The Hebridean terrane
The Hebridean terrane consists of that part of northwest Scotland, lying west of the Moine Thrust Zone, which formed part of the stable foreland of the Caledonian orogenic belt during the Palaeozoic era. The rocks making up this piece of crust comprise a crystalline, mainly gneissose, Archaean to Palaeoproterozoic basement (the Lewisian complex) overlain by an undeformed or gently tilted sedimentary cover of Neoproterozoic (the Torridonian) and Cambro-Ordovician age.
The present eastern margin of the terrane is formed by the Moine Thrust Zone, of Caledonian age, which itself conceals an earlier inferred boundary of Grenvillian age (~1.1 Ga) separating Lewisian crust with only minor Grenvillian effects in the west from gneisses with a high-grade (eclogite/granulite facies) overprint in the east (cf. Sanders et al. 1984). It also constitutes the western margin of the Knoydartian (~800 Ma) ‘orogenic’ event (cf. Vance et al. 1998). The nature of this major, long-lived crustal boundary clearly implies that the Hebridean terrane is at least parautochthonous, and may possibly be allochthonous, with respect to the adjacent Northern Highlands terrane.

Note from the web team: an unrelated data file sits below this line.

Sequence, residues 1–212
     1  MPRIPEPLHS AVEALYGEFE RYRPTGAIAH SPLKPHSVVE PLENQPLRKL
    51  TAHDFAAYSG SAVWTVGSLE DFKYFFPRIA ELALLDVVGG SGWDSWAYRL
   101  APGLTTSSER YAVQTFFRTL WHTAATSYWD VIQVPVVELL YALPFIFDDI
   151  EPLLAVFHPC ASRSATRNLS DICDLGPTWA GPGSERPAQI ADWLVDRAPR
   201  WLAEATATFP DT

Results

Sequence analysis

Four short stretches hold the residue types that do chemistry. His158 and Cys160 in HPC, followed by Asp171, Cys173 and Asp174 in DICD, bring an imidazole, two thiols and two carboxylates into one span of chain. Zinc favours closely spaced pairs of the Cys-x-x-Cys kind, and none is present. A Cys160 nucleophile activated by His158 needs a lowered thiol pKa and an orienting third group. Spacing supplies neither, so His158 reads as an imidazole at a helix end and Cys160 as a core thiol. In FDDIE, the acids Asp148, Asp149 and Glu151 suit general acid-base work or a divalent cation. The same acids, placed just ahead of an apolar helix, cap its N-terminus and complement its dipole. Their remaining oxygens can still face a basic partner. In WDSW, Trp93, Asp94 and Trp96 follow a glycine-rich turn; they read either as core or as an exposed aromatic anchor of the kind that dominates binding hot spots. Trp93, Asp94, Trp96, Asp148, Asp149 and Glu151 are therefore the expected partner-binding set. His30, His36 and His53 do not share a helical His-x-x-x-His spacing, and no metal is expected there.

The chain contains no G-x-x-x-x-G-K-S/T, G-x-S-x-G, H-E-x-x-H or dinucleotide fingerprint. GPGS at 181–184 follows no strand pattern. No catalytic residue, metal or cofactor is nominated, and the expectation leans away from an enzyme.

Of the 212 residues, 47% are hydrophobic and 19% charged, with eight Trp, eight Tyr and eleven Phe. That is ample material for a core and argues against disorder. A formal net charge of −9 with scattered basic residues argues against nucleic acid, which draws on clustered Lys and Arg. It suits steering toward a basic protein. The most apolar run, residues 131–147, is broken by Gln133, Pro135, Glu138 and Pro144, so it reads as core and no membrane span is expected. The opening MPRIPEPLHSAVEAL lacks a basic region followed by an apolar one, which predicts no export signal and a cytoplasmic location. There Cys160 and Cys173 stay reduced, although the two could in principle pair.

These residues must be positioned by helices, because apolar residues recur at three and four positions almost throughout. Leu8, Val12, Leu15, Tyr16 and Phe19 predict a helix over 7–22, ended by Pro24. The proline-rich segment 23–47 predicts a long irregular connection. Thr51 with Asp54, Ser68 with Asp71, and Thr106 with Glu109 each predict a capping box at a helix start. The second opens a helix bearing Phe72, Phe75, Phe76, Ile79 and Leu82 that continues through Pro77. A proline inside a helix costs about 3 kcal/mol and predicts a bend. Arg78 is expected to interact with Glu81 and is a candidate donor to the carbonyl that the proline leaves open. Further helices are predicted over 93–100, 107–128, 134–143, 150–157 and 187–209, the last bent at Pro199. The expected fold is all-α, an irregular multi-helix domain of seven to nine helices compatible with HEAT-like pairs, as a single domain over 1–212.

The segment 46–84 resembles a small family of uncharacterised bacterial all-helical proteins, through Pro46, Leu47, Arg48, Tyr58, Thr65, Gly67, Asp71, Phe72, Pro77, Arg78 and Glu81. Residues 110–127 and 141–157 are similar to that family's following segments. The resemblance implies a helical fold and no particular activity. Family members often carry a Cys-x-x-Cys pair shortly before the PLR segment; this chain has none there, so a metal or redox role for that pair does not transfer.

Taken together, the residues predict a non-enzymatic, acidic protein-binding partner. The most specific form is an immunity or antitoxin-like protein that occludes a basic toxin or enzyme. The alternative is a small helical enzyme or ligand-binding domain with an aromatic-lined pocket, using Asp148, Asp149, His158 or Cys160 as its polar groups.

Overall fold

The crystalline Lewisian basement of the Hebridean terrane was welded together during the Palaeoproterozoic at ~1.9Ga when it formed part of a large continental assemblage, including much of North America and Scandinavia. Further amalgamation and re-organization of crustal fragments around 1.0 Ga resulted in the supercontinent of Rodinia, which existed during the Neoproterozoic, and during this time the Torridonian deposits formed in intracontinental basins. After the break-up of this sector of Rodinia at the end of